Mike Wants To Quit His Job

OK, Coke vs. Pepsi, the big war. You are either one or the other, as very few of us don’t have a favorite. I now know that Mike’s favorite isn’t Pepsi. Mike is the brother-in-law of a friend of ours. He works at Pepsi and isn’t happy, so he is looking for a new job. Pepsi had approximately 274,000 employees in 2013, and a 10-percent turnover would mean only 105 people would leave Pepsi per business day, worldwide. Not many. So why is Mike leaving his job?

He is unhappy with his supervisor. He likes his job, has great benefits, makes fairly good wages, but hates to go to work. So now, he uses every excuse in the book not to go—a small injury that he would have worked through in his previous job became a four-week worker’s comp claim, and a cold and runny nose is now a reason to take three days off.

He is unhappy with his supervisor. He has discussed this with a few other employees, and they feel the same way, reinforcing Mikes’s feelings. Mike didn’t discuss this with the employees he could see that were happy with the supervisor.  Mike didn’t go to his supervisor and try to work things out.

Good luck, Mike. You didn’t take the one step that could have salvaged a great job with a great company. You didn’t talk to your supervisor and clear the air.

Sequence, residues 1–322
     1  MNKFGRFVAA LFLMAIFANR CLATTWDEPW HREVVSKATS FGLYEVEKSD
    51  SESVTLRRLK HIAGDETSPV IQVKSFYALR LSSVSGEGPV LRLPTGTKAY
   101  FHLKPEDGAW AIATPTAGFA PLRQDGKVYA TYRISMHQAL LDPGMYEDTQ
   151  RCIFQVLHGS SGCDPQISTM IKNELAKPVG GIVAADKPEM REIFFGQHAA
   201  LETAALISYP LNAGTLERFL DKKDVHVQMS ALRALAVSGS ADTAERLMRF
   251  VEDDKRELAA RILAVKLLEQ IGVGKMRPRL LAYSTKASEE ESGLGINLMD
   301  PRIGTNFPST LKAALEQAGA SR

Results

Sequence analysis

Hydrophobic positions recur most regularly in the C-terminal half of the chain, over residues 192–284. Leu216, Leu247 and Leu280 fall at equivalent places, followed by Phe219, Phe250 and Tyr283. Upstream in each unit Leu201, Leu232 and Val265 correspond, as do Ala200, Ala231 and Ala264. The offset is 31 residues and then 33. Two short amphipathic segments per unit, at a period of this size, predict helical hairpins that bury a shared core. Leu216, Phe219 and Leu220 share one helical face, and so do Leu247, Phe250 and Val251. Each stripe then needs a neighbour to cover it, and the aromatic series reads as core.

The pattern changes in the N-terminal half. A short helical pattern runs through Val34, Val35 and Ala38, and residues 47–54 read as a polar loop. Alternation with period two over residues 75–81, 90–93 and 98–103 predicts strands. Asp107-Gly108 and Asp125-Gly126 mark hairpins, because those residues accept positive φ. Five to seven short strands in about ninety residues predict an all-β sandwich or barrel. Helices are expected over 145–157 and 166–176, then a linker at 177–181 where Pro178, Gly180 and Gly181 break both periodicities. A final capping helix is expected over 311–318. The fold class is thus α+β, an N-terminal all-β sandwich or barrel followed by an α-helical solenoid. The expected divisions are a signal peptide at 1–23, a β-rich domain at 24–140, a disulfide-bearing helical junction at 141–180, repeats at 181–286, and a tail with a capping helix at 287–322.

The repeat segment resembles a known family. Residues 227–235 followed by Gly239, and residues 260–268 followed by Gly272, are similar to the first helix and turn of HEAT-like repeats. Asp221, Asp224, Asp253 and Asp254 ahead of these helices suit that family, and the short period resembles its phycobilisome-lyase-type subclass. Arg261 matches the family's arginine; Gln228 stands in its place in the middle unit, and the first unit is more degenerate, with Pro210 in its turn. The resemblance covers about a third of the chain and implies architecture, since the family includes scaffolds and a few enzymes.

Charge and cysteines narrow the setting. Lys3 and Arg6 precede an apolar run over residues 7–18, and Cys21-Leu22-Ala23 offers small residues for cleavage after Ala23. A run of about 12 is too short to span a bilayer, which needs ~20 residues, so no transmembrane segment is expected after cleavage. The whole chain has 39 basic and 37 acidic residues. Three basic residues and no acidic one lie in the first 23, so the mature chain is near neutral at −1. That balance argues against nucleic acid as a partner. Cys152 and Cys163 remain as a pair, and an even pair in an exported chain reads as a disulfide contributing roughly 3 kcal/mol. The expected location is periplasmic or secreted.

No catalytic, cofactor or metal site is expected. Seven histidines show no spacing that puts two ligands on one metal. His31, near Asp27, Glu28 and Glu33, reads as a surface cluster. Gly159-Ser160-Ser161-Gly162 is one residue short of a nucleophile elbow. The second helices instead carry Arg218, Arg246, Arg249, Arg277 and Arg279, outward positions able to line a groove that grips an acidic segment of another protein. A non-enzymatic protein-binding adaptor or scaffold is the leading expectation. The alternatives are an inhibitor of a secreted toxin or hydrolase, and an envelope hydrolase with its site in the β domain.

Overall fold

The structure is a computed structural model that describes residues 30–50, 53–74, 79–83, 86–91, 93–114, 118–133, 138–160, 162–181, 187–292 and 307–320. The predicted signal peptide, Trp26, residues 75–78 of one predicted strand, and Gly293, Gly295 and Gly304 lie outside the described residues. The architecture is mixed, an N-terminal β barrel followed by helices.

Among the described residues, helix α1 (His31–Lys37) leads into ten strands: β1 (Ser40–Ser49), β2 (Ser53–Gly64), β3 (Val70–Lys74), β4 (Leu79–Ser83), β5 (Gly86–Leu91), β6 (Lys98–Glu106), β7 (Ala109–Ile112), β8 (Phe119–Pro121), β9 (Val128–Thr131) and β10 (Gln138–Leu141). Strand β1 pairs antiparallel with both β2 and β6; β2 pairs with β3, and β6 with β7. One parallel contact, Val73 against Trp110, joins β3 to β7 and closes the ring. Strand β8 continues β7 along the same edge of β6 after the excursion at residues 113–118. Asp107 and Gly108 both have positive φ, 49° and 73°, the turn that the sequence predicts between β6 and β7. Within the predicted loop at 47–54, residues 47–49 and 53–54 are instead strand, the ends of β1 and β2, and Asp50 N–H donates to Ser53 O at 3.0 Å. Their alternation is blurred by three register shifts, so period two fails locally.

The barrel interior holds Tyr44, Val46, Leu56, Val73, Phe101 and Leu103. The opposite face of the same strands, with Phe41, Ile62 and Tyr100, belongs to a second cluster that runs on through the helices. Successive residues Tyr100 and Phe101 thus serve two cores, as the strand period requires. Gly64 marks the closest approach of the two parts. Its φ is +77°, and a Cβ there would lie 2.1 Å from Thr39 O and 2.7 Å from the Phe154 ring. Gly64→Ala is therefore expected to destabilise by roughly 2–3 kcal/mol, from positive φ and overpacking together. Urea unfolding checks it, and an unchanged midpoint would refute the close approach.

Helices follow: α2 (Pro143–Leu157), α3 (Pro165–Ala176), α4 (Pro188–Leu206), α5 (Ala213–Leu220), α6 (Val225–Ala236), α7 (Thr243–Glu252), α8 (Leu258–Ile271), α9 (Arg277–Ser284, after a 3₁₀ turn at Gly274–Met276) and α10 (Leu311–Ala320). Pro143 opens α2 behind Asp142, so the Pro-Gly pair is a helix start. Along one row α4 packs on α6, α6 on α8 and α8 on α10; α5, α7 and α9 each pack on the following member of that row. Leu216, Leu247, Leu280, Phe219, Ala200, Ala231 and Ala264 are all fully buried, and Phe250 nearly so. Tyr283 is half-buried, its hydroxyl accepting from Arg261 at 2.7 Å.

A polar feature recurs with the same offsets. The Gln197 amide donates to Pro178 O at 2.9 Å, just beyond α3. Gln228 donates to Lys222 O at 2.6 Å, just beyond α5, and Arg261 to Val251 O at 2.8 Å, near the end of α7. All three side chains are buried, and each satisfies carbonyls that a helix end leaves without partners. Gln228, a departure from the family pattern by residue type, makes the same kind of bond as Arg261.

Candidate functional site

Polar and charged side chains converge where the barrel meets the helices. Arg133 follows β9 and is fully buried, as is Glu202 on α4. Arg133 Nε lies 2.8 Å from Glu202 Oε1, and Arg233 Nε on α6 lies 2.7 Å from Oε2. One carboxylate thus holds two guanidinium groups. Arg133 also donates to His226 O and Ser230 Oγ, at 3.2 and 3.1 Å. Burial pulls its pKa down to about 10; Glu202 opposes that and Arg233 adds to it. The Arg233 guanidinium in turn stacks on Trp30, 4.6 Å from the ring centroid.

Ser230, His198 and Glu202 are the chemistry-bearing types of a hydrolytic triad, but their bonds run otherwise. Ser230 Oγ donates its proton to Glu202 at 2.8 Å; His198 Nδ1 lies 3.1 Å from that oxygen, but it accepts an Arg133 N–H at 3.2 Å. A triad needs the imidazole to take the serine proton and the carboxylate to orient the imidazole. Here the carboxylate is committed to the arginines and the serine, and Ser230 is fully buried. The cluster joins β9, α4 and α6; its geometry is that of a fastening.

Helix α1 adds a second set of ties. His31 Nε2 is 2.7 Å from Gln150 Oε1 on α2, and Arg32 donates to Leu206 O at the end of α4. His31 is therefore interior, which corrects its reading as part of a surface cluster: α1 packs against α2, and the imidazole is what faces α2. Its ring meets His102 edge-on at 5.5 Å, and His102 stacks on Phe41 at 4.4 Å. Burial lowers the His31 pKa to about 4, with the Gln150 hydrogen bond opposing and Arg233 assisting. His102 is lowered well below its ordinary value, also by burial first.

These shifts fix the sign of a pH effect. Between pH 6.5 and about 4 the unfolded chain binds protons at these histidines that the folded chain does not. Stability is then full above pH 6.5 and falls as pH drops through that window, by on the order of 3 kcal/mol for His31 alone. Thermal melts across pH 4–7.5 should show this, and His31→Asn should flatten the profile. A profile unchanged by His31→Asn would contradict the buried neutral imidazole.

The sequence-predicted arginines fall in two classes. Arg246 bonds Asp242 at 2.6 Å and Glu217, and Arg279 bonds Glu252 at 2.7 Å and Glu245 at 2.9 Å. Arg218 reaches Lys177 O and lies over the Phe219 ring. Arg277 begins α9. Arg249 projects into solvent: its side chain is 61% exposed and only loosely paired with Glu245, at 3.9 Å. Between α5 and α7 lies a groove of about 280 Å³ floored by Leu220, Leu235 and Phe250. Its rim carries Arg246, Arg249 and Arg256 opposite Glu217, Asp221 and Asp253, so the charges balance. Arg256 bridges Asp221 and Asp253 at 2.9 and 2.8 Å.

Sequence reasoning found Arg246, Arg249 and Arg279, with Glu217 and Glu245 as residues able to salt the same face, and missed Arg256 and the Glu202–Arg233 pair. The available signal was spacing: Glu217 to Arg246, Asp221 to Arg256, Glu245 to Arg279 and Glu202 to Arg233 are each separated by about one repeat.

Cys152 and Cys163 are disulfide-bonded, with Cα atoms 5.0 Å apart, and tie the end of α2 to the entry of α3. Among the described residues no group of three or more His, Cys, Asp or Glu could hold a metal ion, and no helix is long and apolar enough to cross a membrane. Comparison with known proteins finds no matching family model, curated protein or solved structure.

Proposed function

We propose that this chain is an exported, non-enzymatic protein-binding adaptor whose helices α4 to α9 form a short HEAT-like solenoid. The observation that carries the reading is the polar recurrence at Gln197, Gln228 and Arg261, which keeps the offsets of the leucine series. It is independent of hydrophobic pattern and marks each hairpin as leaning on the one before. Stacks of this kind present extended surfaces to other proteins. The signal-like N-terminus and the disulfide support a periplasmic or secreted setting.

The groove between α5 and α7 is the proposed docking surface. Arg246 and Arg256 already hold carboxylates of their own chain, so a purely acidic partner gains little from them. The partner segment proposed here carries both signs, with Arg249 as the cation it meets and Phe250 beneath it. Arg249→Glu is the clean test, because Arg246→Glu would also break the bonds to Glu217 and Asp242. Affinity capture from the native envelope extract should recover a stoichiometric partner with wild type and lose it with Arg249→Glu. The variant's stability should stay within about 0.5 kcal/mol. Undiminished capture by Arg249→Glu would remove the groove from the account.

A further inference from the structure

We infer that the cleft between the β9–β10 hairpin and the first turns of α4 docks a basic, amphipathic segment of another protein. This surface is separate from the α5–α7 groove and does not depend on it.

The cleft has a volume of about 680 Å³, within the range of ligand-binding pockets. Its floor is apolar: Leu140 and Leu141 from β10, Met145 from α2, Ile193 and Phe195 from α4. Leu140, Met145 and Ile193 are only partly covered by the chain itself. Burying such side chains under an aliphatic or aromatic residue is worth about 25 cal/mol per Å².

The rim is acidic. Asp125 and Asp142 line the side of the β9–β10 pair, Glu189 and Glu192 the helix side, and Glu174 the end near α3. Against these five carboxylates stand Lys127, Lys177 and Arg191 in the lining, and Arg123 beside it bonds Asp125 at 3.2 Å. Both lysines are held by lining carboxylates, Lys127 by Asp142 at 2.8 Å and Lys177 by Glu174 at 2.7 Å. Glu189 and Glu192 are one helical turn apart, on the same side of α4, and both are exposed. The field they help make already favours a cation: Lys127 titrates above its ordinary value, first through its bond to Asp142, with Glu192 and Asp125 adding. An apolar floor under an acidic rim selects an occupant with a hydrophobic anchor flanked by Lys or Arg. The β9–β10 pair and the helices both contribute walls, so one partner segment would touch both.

Is this Mike’s fault? No. It is the supervisor’s job to maintain the relationships with his employees. Now, let’s look at your business. Are you doing timely and relevant employee reviews? If you were, you would not have a problem with Mike. Are you training your supervisors on these reviews and making sure the reviews take place? Are you doing the reviews on your direct-report employees yourself?

If you are having a turnover problem in your company, look at the supervisor in that area. Are they communicating? Does their leadership style need tweaking? Maybe you’ve just had some bad hires, and that does happen. But more often than not, people leaving their jobs don’t like their supervision and don’t know how, or are unwilling to try, to fix the problem.

Now you know what to do. On your supervisor’s employee review, work on his/her leadership style, and you may just reduce your employee turnover. Go for it.

What Is Job 1 In Every Company, Everywhere, Everytime

Wow, that is a big headline with no wiggle room: the single most important thing that every company must do.  The penultimate, the top-of-the-mountain, the center-of-the-bullseye, the supreme, the bet-the-store, the most important job that you as an owner or manager must do, every day, without exception, without excuses, without whimpering about it, no complaints, and with a smile on your face job.  Drum roll please.

Motivate your employees.

Your employees are the folks that make you money by fulfilling your plans for the business.  Whatever your size, it is your employees who create the work output correctly and on time for your customers.  They are the ones creating the value that your customers are paying for.